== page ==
are willing to spread out to other other garments from the same
          general era, then you can use side panels to "widen the fabric".

          > Also how far up from the bottom should the gores
          > extend in the front? Mine come up to about my ribcage.

          Again, if you are reproducing the Bocksten, then it should come up to
          about to your waist/navel. If you are wanting something slightly
          different, then the ribcage is ok. Personally I suspect that the
          garments depicted in 13th century documents like the Mac Bible and the
          Manessa Codex would have been made with gores going up to the center
          of the chest, even for a man's outfit.

          > Is there evidence that tunics had buttons on the front to allow
          > opening? Especially of a heavy wool like I am about to construct.

          Certainly some did. Not the Bocksten, mind you, but others. You
          could takea look at
          http://www.personal.utulsa.edu/~marc-carlson/cloth/tunics.html for
          some examples.

          Marc/Diarmaid
        • Heather Rose Jones
          ... For this type of garment, working from the general schematic and then adapting it to your measurements (and materials) is the best way to go anyway. So
          Message 4 of 4 , Jan 2, 2004
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            At 5:07 PM +0000 1/2/04, Paul wrote:
            >Happy New Year!!
            >
            >Yesterday in some freetime I constructed a tunic from online patterns
            >of the Bocksten. I didnt quite have the exact measurements, so I had
            >to eyeball it.


            For this type of garment, working from the general schematic and then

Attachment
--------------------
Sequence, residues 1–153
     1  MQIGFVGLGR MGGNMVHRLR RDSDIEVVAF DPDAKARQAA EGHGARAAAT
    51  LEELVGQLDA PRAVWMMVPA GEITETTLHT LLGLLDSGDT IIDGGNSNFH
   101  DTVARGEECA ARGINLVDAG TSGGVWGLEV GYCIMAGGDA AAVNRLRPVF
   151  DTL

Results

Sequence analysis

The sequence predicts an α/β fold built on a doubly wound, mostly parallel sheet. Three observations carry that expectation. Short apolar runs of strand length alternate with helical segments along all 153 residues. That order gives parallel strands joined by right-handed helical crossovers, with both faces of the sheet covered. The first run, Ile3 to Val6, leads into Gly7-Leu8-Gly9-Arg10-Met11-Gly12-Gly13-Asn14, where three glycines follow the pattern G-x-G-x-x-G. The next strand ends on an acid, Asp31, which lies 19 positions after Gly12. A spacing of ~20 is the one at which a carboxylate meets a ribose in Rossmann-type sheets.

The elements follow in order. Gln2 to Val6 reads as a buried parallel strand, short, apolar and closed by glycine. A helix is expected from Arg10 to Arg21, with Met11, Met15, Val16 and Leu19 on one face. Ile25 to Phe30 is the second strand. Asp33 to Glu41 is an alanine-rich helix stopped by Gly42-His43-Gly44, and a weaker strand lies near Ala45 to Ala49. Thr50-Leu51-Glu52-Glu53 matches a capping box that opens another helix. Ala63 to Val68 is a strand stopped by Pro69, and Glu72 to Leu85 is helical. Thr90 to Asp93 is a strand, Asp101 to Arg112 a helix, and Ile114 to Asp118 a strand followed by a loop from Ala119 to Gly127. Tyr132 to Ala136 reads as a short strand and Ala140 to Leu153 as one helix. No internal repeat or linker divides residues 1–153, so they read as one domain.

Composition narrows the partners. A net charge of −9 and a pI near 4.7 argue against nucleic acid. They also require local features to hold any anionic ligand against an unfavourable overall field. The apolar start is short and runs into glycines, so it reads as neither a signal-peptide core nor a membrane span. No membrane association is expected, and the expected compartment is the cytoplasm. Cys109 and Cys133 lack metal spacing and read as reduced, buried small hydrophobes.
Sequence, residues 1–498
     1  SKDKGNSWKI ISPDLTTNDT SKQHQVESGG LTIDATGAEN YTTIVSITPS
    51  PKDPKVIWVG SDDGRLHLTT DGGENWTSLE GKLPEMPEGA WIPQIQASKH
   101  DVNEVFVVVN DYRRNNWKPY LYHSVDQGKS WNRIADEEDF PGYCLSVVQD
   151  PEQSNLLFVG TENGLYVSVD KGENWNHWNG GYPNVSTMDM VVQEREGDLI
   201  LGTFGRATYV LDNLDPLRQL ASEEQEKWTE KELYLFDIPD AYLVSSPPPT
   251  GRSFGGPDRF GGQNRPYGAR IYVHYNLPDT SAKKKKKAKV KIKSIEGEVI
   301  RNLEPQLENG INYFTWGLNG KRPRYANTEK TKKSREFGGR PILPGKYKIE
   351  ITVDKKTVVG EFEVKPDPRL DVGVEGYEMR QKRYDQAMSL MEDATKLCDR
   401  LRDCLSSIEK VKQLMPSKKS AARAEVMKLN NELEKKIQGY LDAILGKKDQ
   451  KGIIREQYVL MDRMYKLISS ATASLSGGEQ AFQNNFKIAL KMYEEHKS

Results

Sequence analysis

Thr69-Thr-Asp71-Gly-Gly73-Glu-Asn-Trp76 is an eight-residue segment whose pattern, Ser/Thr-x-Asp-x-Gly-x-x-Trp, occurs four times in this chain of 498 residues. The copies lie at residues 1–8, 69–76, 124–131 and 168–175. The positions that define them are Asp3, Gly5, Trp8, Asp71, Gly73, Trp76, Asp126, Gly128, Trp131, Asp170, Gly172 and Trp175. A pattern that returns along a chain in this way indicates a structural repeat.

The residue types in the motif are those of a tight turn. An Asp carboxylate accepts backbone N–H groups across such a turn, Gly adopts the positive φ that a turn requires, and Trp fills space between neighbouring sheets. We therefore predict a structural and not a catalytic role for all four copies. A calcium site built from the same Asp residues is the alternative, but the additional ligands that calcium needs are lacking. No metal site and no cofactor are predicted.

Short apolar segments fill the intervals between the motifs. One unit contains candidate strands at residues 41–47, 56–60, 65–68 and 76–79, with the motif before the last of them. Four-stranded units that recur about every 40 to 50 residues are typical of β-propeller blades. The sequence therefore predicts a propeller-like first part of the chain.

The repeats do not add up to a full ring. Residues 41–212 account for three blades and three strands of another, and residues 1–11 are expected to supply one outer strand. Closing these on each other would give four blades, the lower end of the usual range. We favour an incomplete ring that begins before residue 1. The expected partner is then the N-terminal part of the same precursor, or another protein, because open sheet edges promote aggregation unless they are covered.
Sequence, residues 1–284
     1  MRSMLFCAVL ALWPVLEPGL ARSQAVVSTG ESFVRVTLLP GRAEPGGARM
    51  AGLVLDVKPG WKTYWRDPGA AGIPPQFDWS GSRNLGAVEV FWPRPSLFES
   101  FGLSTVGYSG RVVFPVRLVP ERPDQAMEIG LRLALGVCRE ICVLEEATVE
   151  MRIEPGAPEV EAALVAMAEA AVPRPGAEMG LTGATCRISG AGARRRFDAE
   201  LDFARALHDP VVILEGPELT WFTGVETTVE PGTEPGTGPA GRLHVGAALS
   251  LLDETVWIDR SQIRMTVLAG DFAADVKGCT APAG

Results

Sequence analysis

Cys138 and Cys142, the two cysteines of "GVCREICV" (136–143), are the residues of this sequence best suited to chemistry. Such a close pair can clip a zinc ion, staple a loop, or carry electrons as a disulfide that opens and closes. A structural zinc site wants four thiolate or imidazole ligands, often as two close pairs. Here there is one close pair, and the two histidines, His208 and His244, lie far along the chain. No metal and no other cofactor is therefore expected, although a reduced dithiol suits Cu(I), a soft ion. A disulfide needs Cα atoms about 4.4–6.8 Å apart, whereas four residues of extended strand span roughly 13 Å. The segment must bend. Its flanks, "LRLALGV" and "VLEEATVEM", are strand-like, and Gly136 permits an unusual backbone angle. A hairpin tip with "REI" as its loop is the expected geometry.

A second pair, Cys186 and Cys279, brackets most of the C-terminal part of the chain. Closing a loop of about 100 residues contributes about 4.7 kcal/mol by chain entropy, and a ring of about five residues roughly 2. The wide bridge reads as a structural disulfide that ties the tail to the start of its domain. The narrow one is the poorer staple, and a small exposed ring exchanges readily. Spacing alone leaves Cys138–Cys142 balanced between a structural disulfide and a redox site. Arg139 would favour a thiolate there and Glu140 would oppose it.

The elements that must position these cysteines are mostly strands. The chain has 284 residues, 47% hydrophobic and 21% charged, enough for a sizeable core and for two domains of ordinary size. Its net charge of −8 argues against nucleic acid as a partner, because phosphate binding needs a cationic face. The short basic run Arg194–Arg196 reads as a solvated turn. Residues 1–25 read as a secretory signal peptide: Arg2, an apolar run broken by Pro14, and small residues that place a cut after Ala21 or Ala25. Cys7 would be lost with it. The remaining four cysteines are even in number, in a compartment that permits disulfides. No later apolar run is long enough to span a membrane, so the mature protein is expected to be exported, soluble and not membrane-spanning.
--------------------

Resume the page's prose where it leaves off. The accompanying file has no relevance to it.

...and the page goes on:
adapting it to your measurements (and materials) is the best way to
            go anyway. So what you did would have been the best approach even if
            you _had_ the exact measurements.


            > I am rather proud that I ended up with a wearable
            >tunic made form scrap cotton (I know its not correct) So now heres my
            >question. The the majority if the pattern being laid out in straight
            >lines is there a way to make it less tight across the chest and loser
            >in the shoulders?


            Given the narrowness of the sleeve attachment, you don't really want
            much looseness around the shoulders. If you make it too loose, then
            (perhaps counter-intuitively) you lose a lot of your arm movement.
            The version I made of this garment also came out fairly snug fitting,
            but once you accept that it's supposed to fit that way, it may not be
            a problem. (This is assuming that it isn't, in fact, simply too
            small.) I'd say that the best way to add a little ease in the chest
            and shoulders is in picking a fabric with a little more stretch to
            it. (*grin* ... like wool)

            If you find you simply can't get comfortable with something this
            snug, you may want to try a different model to work from. For
            example, the sleeve types characteristic of the Herjolfsness garments
            (not meaning to imply that they're all the same) are a bit more
            conducive to a loose fit at the chest and shoulders (being slightly
            fuller at the top, and set into a more shaped armscye).


            >Also how far up from the bottom should the gores
            >extend in the front? Mine come up to about my ribcage.


            While there are some garments in this general style-family where the
            gores extend that high, I believe a good rule of thumb for the
            Bocksten tunic is that they should end around the belt-line.


            >Is there evidence that tunics had buttons on the front to allow
            >opening? Especially of a heavy wool like I am about to construct.

            Ah, now if you want to make a button-front garment of heavier wool,
            then I highly recommend Herjolfsness #63
            <http://www.personal.utulsa.edu/~marc-carlson/cloth/herjol63.html>.
            It's a much looser-fitting style with a open front that buttons.

            Tangwystyl
            --
            *****
            Heather Rose (you may now call me Doctor) Jones
            hrjones@...
            *****